But even more conclusive than statements were the facts from which the trial judge could and did reasonably find that the Braden home was one domestic establishment under one management. Mission Insurance Co. v. Ward, Mo., 487 S.W.2d 449 dated Dec. 12, 1972. See also Johnson v. State Farm Mutual Auto Insurance Co., 252 F.2d 158 (CA Mo.), where household is defined as a collective body of persons residing together in one house upon the same premises as one domestic establishment. Here we find (1) Michael left his mother and was living with the Bradens from January, 1969, until his death in September, 1969; (2) he worked full time and was taken to and from work daily by a member of the Braden household; (3) he was treated as a member of the family, that is, he paid neither room or board; his aunt did his laundry; he ate with the family and shared a room with his cousin Joseph; (4) he was subjected to the rules and regulations of the Bradens; (5) he enrolled in a correspondence course, and his uncle guaranteed the account; and (6) finally, on his life insurance provided by his employer, he named his uncle as his beneficiary without the uncle's knowledge. We hold that at the time of Michael's death that there had been a complete integration of his life into the Braden family unit, and that his social intercourse was merged with that of the Braden domestic circle, and he was subservient to the head of the Braden family. Therefore, we conclude that Michael McBride was living with the Bradens as a member of their household and that his death was excluded from coverage under State Farm's policy exclusion (1). We further find that the trial court's finding to the above effect was reasonable and supported by the evidence.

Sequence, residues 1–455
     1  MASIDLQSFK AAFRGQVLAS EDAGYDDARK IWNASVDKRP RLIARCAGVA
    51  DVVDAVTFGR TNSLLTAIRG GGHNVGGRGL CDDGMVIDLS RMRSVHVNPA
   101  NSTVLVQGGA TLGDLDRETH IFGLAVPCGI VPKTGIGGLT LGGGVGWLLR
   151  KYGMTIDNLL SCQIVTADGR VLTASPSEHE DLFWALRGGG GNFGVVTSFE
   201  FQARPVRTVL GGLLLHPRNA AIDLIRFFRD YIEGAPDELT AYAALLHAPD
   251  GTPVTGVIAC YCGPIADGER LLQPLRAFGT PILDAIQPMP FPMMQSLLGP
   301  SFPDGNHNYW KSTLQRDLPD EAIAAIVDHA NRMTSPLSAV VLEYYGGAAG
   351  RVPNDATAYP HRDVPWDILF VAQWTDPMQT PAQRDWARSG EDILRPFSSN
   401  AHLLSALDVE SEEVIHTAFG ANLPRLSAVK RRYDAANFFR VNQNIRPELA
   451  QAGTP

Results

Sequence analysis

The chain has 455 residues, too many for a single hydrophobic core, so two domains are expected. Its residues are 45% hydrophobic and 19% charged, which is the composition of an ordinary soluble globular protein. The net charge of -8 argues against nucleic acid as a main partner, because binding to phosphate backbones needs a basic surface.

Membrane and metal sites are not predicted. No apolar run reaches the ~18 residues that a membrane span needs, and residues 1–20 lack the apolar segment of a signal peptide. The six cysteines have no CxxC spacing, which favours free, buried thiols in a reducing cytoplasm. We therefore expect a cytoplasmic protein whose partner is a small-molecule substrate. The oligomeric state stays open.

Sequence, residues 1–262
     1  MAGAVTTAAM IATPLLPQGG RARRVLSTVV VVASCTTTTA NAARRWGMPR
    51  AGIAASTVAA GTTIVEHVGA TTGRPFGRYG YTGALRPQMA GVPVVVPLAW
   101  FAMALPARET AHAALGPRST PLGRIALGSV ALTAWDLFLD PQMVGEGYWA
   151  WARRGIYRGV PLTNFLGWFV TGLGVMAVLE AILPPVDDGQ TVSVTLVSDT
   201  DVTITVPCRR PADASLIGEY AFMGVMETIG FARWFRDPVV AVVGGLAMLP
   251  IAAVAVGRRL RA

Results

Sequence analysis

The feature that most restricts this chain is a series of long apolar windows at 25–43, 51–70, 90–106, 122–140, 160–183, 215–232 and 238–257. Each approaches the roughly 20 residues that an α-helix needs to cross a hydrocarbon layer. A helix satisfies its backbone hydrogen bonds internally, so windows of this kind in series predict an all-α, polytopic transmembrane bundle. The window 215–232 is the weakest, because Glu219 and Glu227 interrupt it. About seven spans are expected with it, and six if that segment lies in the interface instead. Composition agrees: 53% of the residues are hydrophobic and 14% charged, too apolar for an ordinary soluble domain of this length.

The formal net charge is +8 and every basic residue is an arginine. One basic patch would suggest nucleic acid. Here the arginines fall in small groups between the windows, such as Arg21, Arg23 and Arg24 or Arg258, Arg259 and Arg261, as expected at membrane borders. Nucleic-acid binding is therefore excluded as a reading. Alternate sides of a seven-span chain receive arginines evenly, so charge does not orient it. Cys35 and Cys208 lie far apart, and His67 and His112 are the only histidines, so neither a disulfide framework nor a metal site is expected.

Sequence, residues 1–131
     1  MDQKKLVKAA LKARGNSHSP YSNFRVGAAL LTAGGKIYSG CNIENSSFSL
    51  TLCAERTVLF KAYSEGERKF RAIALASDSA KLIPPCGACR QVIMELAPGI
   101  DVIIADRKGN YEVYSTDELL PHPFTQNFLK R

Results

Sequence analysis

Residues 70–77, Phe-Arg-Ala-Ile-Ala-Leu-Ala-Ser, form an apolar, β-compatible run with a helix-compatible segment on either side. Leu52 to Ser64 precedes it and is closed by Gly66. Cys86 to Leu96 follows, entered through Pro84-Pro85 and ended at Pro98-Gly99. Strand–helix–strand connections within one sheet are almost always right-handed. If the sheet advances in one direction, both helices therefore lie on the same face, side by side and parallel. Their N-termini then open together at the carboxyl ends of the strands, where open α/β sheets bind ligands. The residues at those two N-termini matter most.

Judgment affirmed.

DOWD, C. J., CLEMENS, J., and VERNON MEYER, Special Judge, concur.